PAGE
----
Tuesday, March 20, 2012

Pumping at Work

This is only my own reflection on breastfeeding and going back to work, everyone's choice is different.

One of my biggest struggles when going back to work with Jack was expressing breast milk for him to drink while I was at work.  I lived and learned from the experience with him and so far, I am feeling a bit more accomplished while trying to maintain breastfeeding with Christopher.  With Jack I was already supplementing with formula during the work week, but so far I am still "staying ahead" with the milk available for Christopher.  I still have things that I wish I would've done differently this time around, but baby steps right?  Here are the things that have helped me maintain my breast feeding relationship while at work:

1.  Get the hang of breastfeeding the baby first.
Make sure that the baby has a good latch and your supply is pretty well established before you pump.  (This of course goes out the window if you have a situation where your baby isn't able to nurse, i.e. he/she is in the NICU.)  I would also recommend seeing/talking to a lactation consultant when you start pumping before going back to work.  I think it would've saved me a lot of headaches when trying to figure things out with Jack.  I'm never eager to start pumping.  Pumping isn't exactly sunshine and cuddly puppies.  I willingly do it for my baby but I'm pretty indifferent to the actual process.  (By the way, when I've used my pump, it has never caused pain.)

2.  Having a good double electric pump... like every other online resource says.
Personally, I love my Ameda Purely Yours pump.  It has a closed system pump that prevents any milk from going into tubes and possibly into the motor of the pump.  I don't know how big of an issue it is for those who might use a Medela pump, but personally it was a big enough complaint that showed up in my research for me to go with the Ameda.  Plus, the most expensive Ameda breast pump package (including a bag, etc.) is the same price as the least expensive option from Medela on Babies R Us' website.  I bought my pump in 2009 (before Jack was born) and it still works just fine.  The bag is in great shape, granted I really don't use/abuse it too much.  The markings on the outside of the bottles are a little worn, but that isn't a big deal.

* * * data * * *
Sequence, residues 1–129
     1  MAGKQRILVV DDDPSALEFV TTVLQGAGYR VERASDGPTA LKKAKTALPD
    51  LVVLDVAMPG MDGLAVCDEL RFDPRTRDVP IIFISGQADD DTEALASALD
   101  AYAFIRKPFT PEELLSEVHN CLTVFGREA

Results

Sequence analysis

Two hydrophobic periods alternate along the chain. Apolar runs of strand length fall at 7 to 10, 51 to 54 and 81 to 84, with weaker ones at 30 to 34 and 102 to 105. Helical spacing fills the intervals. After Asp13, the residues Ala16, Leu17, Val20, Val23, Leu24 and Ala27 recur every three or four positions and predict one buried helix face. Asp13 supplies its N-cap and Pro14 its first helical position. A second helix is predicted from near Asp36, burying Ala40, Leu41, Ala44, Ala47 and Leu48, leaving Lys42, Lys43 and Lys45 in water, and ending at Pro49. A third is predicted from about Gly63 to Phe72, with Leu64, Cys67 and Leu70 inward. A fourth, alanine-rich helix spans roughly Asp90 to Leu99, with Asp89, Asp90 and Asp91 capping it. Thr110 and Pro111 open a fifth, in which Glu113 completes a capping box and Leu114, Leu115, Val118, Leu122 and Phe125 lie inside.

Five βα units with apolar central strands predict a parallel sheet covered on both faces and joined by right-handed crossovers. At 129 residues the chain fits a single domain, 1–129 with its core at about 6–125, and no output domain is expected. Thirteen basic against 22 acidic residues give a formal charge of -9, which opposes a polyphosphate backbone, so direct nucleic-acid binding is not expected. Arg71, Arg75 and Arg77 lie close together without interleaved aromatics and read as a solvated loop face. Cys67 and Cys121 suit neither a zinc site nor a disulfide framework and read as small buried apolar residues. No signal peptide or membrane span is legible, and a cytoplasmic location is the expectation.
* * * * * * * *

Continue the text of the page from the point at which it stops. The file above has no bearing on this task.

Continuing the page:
3.  Start pumping before your return to work.
Now this all depends on how much time you are able to take off work for maternity leave.  With Jack I took 8 1/2 weeks out of medical necessity, with Christopher I was able to take 11 weeks off.  Do I think that extra time did much for my supply or nursing relationship with Christopher?  Not really, I think it helped me more by having extra time to build my freezer stash.  With Jack, I didn't do that great about pumping routinely before going back to work and I was convinced to do better with Christopher.  Do you know how hard it is to pump with a 2 year old and a newborn when you're home by yourself?  Yeah, during the day didn't work for me.  I had to pump when Matt was home and the most convenient time ended up being around 10 p.m..  I thought I'd pump every night and build my freezer stash, it ended up being more like 4-5 nights a week because I was tired!  I started when Christopher was about 3 weeks old adding a pumping session (not replacing a nursing session).  That was still much better than what I did with Jack.

4.  Having a [nice] place to pump at work.
I know this isn't easy for everyone, but hopefully companies are becoming more breast pump friendly.  I am very lucky that my employer has a lactation room in the 2 main buildings on our "campus".  There might even be more of which I am unaware.  I mention that I have this wonderful lactation room (complete with a sink, fridge, mini-lockers, and even a microwave to heat up lunch or a snack), but honestly I usually end up pumping in the bathroom in my building.  Now before you get all grossed out, let me explain that it is a "single-seater" with a lock on the door, a huge counter, and a sink.  And there are only 3 other women in the building.  I'm busy at work and while I absolutely don't feel guilty taking the time to pump, honestly it is sometimes hard to stop & start in the middle of a task at work.

5.  Add a pumping session in the evening or on the weekend.
Some days pumping results in more milk to store than others.  If I haven't pumped the same amount that Christopher normally eats (note: normally not on a day that he might eat more than average), I will try to pump again that night, or once or twice over the next weekend.  This has helped me stay ahead of the curve for the supply he needs each day.

1 comment:

  1. Way to go momma! This hits super close to home as I just weaned Eli after 10.5 months and have one more week of BM in the freezer. You helped me so much to get started when I asked for help in September. I too learned a fe things I'll do differently for the next baby but overall had a wonderful experience BF Eli. I'm quite proud to be a working mom who BF her baby for almost 11 months!